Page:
Daughter stole from dementia dad

A DAUGHTER frittered away more than £44,000 of her dad’s savings after he was put into a home suffering from dementia.

Community fundraiser Janette Maddox was named power of attorney over Thomas Gouge’s finances when he fell ill.

But the 49-year-old committed a “breach of the highest degree of trust” by using her elderly father’s cash for shopping trips, Durham Crown Court heard.

Judge Christopher Prince was told that in February 2005, a deposit of £31,196 was made into the 77-year-old’s account after the sale of his home in Bedford Place, Peterlee.

Because his savings exceeded £20,000, he had to start paying for care, but despite the lump sum, his pension and other funds, his rent later ran into arrears.

This led to Maddox, of Balliol Close, Peterlee, losing power of attorney to Durham County Council and sparked investigations.

The court was told Maddox would withdraw around £200 at a time and spend it on shopping for her family, with the account drained to the point where it was hundreds of pounds in the red.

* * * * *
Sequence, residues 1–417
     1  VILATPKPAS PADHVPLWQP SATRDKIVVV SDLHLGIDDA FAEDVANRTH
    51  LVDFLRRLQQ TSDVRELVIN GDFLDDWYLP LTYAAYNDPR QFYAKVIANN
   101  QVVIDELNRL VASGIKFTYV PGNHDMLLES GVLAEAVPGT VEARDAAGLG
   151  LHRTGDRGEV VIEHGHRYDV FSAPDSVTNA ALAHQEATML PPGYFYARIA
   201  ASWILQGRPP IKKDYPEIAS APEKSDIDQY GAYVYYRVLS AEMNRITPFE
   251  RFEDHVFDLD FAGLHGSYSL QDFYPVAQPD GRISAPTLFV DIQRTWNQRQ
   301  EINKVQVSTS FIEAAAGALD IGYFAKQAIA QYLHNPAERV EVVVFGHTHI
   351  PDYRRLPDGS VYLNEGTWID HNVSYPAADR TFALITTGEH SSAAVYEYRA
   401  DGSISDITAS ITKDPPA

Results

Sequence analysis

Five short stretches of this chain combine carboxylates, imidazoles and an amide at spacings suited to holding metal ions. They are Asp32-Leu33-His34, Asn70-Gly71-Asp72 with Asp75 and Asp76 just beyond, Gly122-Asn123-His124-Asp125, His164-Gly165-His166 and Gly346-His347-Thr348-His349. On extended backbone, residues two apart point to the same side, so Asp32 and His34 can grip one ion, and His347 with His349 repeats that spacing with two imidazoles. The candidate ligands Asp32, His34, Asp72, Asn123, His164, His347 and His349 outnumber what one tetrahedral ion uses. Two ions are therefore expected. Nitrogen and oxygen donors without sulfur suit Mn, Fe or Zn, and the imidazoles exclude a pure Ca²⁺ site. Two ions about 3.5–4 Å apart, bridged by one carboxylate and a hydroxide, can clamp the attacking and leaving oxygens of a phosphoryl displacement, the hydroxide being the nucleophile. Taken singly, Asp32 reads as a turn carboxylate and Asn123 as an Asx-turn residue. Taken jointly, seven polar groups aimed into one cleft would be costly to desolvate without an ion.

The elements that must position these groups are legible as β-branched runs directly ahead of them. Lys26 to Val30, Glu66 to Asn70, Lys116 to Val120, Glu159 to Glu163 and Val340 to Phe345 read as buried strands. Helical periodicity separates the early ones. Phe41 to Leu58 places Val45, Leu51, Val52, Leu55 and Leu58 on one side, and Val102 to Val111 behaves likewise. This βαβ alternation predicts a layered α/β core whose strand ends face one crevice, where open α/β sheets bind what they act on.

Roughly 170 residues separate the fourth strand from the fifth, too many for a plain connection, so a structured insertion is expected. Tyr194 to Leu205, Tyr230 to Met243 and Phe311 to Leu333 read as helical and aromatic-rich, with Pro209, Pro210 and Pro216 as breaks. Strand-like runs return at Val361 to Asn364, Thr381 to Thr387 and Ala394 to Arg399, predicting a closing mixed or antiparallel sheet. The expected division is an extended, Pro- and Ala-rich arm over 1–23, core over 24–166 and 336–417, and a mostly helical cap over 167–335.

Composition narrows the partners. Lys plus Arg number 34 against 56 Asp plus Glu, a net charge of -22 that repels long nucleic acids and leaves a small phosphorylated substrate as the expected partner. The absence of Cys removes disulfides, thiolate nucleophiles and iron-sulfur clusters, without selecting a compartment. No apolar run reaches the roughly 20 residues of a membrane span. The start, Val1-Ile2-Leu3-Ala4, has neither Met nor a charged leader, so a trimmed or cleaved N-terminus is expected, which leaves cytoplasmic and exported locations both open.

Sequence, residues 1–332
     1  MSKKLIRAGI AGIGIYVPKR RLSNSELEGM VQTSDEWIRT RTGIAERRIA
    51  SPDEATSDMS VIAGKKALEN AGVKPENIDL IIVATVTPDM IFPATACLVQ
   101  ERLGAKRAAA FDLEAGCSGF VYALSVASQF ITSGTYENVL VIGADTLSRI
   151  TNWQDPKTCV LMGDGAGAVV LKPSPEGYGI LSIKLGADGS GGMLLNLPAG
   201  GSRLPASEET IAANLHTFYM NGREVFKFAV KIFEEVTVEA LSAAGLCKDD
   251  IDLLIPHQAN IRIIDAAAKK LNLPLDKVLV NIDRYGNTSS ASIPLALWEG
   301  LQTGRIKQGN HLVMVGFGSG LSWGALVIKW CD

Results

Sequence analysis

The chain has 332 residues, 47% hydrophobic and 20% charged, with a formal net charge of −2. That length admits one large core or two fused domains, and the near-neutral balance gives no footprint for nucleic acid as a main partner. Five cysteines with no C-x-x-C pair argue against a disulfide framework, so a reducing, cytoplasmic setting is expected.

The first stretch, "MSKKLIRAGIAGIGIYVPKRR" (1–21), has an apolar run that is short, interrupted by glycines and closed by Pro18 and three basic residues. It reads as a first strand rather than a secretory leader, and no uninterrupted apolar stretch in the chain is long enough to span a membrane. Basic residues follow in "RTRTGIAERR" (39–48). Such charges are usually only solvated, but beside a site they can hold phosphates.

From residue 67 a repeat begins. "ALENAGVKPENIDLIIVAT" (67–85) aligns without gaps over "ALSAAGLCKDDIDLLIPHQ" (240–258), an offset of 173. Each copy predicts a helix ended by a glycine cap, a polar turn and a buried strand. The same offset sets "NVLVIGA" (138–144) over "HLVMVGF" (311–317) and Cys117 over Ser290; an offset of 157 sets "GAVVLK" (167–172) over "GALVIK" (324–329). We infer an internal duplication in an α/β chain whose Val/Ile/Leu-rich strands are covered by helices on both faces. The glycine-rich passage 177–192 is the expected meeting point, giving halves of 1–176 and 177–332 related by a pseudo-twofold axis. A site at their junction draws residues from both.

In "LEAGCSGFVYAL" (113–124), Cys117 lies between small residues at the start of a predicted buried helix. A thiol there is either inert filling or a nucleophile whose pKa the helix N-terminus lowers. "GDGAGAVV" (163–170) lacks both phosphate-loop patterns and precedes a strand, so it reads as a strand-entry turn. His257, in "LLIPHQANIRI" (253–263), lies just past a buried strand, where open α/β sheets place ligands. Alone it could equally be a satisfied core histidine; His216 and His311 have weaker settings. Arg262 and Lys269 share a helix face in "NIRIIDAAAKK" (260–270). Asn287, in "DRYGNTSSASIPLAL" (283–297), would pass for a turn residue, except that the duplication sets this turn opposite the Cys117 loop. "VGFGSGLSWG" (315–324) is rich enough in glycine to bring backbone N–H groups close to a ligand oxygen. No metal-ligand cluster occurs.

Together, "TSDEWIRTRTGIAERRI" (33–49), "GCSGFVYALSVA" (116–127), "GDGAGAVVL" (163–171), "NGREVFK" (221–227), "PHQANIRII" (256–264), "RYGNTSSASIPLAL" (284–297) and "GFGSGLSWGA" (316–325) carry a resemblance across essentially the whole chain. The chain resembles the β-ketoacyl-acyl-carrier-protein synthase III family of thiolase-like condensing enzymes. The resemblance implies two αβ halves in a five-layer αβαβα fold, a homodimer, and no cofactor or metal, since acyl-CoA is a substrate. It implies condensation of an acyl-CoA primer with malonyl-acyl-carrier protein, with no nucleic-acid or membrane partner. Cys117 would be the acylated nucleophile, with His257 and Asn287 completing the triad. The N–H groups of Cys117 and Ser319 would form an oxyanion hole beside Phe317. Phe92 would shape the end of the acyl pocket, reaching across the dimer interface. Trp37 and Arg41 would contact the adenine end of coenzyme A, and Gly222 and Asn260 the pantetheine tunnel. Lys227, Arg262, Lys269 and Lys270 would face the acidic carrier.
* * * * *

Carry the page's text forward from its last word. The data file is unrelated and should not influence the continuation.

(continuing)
Maddox is today starting a 16-month prison sentence after pleading guilty to theft of £44,039 between January 2005 and December 2006.

Jenny Haigh, prosecuting, said: “She did make admissions and was interviewed at some length and basically said it was done for her own needs and wasn’t sure how much she had spent, but her intention was to pay it back and was just borrowing it.

“When asked if her father had been aware what he would think, she said he would be a bit angry and would make her pay it back.

“The defendant has a brother and sister and they were not aware she had been taking money from their father’s accounts.”

The court was told Maddox’s brother was also due to benefit from inheritance, but it was said at the close of the case that she had no means to pay back the funds.

Paul Abrahams, mitigating, said Maddox had been under financial pressure when her husband went on sick pay after injuring his hand.

He offered references detailing how she had raised funds for karate and craft groups and said since the case came to light, she had been disgraced in the eyes of her community and lost her job.

Mr Abrahams said: “It became habitual and she was using the money to get by, there has been no lavish lifestyle.

“Her father doesn’t realise but she must know when she looks at her father she has broken the bond between the two of them which she cannot possibly repair.”

Mr Gouge was first cared for in the Craigellachie Care Home, in Thorpe Road, Easington Village, from November 2004 until its closure, when he then moved to Cedar Court, in Deneside, Seaham.